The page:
The Monk

The Monk

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“Love is a burden. A poison. Never fall in love.”

French thriller director Dominik Moll’s adaptation of this gothic 1796 novel is an ambitious attempt to revive an old and controversial story for a modern audience. Expectations were high, but despite starring the inimitable Vincent Cassel (Black Swan, La Haine, Mesrine) in the lead role and featuring a bold visual style, The Monk is sadly no greater than the sum of its parts.

Cassel plays Brother Ambrosio who, abandoned at a Madrid monastery’s door when he was just a baby, knows little of life outside its walls. Under the watchful eye of the friars, Ambrosio grows up to become a talented preacher with an apparently unimpeachable moral compass. However, when a dark presence arrives at the monastery the form of a stranger in a wax mask (eerily reminiscent of Georges Franju’s Eyes Without a Face), Ambrosio finds his faith tested for the very first time. Risking everything for a taste of forbidden fruit, Ambrosio’s inevitable descent into evil will lose him his profession, his standing and ultimately, his soul.

The Monk is heavily stylised, making great use of the surrounding landscape to create a striking balance of darkness and light. In a subversive play on familiar tropes, the monastery as a beacon of religious ‘good’ is shrouded in darkness while the outside world is bright enough to be almost blinding. As with his previous works Lemming (2005) and Harry, he’s here to help (2000), Moll admits that his visual style is greatly indebted to Hitchcock and this is quite apparent throughout. Certain homages to Hitchcock, like the ‘iris’ shots (where the screen is engulfed with a black circle to mark the end of a scene) seem a little gimmicky and out of place. The Monk often seems so preoccupied with its visual impact that other important elements are lost along the way. More time could have been spent on the costumes, for example, which look inauthentic to the point of caricature.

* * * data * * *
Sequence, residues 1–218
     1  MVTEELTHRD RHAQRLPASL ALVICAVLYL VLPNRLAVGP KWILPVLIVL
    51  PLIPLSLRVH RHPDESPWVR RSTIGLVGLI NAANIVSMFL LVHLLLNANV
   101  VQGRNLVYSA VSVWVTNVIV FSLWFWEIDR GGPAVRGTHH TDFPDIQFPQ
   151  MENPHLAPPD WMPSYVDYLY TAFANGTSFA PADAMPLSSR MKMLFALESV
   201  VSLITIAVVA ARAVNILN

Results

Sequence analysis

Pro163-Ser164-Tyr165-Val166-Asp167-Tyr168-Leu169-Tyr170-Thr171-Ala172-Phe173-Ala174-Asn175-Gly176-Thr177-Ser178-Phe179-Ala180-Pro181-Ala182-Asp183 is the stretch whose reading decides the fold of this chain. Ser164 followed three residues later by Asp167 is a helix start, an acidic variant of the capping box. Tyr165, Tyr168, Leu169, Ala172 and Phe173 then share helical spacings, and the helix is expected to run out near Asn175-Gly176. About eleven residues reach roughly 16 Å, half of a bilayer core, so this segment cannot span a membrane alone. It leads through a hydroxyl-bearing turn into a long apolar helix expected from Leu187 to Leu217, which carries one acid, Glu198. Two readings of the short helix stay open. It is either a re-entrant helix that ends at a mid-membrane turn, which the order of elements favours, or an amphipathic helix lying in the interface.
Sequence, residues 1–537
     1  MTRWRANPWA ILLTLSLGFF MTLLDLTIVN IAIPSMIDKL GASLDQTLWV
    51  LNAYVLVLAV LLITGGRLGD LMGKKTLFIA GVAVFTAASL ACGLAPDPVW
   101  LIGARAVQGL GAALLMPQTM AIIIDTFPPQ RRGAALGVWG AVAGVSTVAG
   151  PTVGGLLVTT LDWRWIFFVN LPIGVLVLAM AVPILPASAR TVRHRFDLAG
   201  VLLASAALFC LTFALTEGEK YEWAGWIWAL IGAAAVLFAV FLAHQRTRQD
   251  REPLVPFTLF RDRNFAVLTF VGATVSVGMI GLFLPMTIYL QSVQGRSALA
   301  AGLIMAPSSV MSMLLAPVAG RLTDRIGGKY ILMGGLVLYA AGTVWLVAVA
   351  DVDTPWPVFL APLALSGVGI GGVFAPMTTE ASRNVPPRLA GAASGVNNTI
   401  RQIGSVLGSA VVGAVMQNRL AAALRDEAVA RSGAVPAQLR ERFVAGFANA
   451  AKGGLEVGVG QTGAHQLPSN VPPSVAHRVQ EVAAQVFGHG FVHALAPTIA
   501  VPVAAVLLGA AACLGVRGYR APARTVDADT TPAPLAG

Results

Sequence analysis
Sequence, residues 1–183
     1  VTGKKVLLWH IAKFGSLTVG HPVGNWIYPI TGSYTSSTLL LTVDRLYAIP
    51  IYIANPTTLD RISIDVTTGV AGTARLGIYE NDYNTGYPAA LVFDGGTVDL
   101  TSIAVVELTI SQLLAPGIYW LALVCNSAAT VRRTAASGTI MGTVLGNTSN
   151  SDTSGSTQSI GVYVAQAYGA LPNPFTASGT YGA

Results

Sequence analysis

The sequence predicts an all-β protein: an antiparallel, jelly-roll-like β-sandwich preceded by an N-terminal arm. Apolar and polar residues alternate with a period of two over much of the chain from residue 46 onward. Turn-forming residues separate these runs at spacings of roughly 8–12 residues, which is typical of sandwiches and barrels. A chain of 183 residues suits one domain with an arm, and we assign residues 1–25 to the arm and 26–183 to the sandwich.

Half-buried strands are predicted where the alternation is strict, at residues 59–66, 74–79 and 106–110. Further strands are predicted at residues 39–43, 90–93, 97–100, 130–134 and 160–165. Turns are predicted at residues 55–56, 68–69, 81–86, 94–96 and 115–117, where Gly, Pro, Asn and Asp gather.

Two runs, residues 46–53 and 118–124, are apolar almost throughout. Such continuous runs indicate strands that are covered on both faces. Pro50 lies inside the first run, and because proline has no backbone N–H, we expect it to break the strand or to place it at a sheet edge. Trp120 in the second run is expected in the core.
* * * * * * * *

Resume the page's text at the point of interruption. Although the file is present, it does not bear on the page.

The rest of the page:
The performances are very much a mixed bag. Vincent Cassel flounders a little in the early scenes; portraying Brother Ambrosio as the embodiment of religious dignity and devotion seems a little out of his comfort zone. Perhaps unsurprisingly for French cinema’s go-to villain, Cassel thrives in the latter half of the film when he is thrown something a little juicier to chew on. Other stand out performances include Roxane Duran as the tragic and fragile Sister Agnes and Sergí Lopez in a brief appearance as the monstrous child-molester. Some characters, meanwhile, come across as rather two-dimensional and underdeveloped, making it hard to feel any emotional investment in their fates. The love story between bland suitor Lorenzo (Frédéric Noaille) and beautiful Antonia (Joséphine Japy) makes particularly trying viewing.

While The Monk does not lack ambition, with a highly controversial and rich storyline, the delivery is sadly lacking. Despite a strong story and adventurous cinematography, the film fails to pack an emotional punch. It is perhaps The Monk’s aspirations which are its outdoing; it may well have benefitted from a little toning down.

 

The Monk will be showing at the BFI London Film Festival and is set for general UK release in 2012. You can check out the trailer below.